Agriculture & foodtech

Anuvia Plant Nutrients Lands $103M Series C To Scale Bio-Based Fertilizers

Illustration of fresh produce on smartphone screen.

Anuvia Plant Nutrients, an agricultural technology company developing a product to replace traditional fertilizer, secured $103 million in Series C funding.

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The company, headquartered in Winter Garden, Florida, was founded in 2005 and manufactures high-efficiency, sustainable bio-based fertilizers for the agriculture, turf and lawn care industries from recycled organic material, such as livestock waste, food waste, or other plant-based materials.

Amy Yoder, president and CEO, joined the company in 2015 from Arysta Life Science, where she had been CEO as well. At the time, Anuvia’s technology was in the laboratory phase, and today the company is in a scaleup and growth phase, she told Crunchbase News.

Anuvia’s nitrogen sulfur SymTRX product can be used on most crops and enables farmers options and blends — a plug-and-play option Yoder said — that is easily adopted and is proven to reduce up to 32 percent of greenhouse gasses. It is already in commercial use on U.S. farms with use expected to increase to 20 million acres by 2025.

“We launched our product in 2017 and were on more than 1 million acres by 2020,” she added. “We are in-season as we speak, but next year, we anticipate being on 3.5 million acres, so doubling our acreage.”

In addition, SymTRX maintains nutrients in the soil to eliminate run-off, as well as enables farmers to yield as much as five times more profit, Yoder said.

Sustainable future

Agricultural technology, commonly known as “agtech” or “agritech,” has exploded over the past five years. Since 2015, venture capitalists invested some $15.7 billion in global agtech startups, with investments peaking at $4 billion in both 2018 and 2019, and 2020 not far behind with $2.6 billion as of August, according to Crunchbase data.

Existing investors TPG ART and Pontifax AgTech co-led the round, with additional investment from Generate Capital and Piva Capital. The new funding gives Anuvia total funding in the amount of $242 million, according to Crunchbase data. That includes an initial Series C tranche of $60.2 million last September.

Ben Belldegrun, co-founder and managing partner at Pontifax AgTech, said via email that there is a movement to support technologies that are able to improve sustainability and sequester carbon in the soil by utilizing climate-friendly strategies.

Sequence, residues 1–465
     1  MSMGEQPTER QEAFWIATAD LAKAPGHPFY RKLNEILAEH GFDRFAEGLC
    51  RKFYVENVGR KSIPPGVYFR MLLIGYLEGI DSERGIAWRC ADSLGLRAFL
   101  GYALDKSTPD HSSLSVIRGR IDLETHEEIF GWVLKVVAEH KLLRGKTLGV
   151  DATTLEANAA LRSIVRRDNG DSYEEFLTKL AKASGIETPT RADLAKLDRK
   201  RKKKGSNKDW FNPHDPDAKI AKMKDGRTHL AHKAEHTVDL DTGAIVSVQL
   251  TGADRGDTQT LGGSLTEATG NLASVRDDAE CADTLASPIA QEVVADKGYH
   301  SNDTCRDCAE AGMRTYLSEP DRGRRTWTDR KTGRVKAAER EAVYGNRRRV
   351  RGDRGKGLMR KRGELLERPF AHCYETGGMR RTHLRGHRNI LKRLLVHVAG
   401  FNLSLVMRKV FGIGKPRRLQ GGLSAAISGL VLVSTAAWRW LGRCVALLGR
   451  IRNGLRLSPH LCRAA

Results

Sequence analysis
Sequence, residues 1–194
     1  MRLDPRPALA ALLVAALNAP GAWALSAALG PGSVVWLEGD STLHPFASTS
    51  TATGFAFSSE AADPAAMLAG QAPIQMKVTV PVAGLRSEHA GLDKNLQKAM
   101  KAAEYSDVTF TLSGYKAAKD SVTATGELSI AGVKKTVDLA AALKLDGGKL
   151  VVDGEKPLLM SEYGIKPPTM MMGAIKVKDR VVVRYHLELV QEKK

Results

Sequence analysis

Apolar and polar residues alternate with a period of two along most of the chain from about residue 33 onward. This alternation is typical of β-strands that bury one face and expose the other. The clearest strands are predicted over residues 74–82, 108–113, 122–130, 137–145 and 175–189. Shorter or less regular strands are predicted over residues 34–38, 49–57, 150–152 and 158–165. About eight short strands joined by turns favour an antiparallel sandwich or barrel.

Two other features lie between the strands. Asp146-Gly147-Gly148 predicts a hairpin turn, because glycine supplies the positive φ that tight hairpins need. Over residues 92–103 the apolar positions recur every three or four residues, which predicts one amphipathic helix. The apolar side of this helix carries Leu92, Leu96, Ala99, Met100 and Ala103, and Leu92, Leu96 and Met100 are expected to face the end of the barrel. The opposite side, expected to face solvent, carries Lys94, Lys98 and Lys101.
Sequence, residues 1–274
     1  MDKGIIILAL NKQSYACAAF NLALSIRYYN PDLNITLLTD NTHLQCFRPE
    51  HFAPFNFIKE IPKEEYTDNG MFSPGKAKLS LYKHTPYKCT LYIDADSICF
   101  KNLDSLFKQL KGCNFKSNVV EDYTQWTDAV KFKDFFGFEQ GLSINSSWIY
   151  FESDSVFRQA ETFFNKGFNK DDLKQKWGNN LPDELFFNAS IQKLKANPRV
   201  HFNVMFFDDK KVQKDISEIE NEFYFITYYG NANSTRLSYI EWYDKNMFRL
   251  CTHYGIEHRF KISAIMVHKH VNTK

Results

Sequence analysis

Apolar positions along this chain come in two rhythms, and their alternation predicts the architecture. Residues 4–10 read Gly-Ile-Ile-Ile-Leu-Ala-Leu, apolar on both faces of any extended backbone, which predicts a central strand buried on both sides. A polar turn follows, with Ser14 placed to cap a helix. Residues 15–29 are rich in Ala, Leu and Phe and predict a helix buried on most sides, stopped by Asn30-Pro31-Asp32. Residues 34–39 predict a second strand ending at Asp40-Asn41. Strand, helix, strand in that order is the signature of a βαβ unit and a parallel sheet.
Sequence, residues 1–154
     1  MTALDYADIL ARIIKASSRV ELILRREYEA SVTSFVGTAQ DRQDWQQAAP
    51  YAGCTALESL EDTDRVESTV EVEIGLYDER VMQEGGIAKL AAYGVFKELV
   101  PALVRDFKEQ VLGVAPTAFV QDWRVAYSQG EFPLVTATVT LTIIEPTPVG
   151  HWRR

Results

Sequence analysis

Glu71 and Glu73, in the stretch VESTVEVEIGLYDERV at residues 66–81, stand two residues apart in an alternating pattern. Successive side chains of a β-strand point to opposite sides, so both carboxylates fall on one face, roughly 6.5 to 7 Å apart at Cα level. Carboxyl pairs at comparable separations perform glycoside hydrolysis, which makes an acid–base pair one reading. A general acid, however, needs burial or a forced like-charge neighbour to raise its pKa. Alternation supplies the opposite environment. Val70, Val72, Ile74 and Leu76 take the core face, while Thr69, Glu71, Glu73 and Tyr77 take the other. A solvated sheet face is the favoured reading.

“Consumer and regulatory pressures have been driving a move toward more sustainable crop inputs for some time, but we now see President Joe Biden’s climate change plan, Climate 21 Project, call for the establishment of a ‘carbon bank’ that would pay farmers, ranchers and foresters to store carbon using regenerative agriculture practices,” Belldegrun added. “This will fuel continued adoption of sustainable practices, and Anuvia is very well positioned to be an industry leader in reducing greenhouse gas emissions and increasing crop yields.”

Adzmel Adznan, partner and operating manager at Piva Capital, said in an interview that he is impressed with what Yoder was able to achieve at Anuvia in a short period of time.

“She joined the company five years ago and turned around the company with her leadership, tenacity, network and influence,” Adznan said. “This is the kind of investment that makes us super excited to be able to continue to support the company.”

Next steps

Meanwhile, the new funding follows a September announcement of a commercial agreement between Anuvia and The Mosaic Co., a producer of phosphate and potash, to exclusively license SymTRX10S in the U.S. as Susterra by Mosaic.

Anuvia intends to use the financing toward its expanded Plant City, Florida, facility that Mosaic had used for fertilizer, Yoder said. The company started production in the new facility earlier this year.

Next up, the company is eyeing expansion opportunities in other countries and partnerships with other companies, as well as research and development.

“We will scale up production, our commercialization efforts and R&D,” added Yoder. “The funding came at the right time because we were at a crossroads of expansion, and having the funds to expand quicker made sense for us. We have a unique product and a unique delivery system, so we are looking at combining with other technology to see other benefits moving forward.”

Illustration: Dom Guzman

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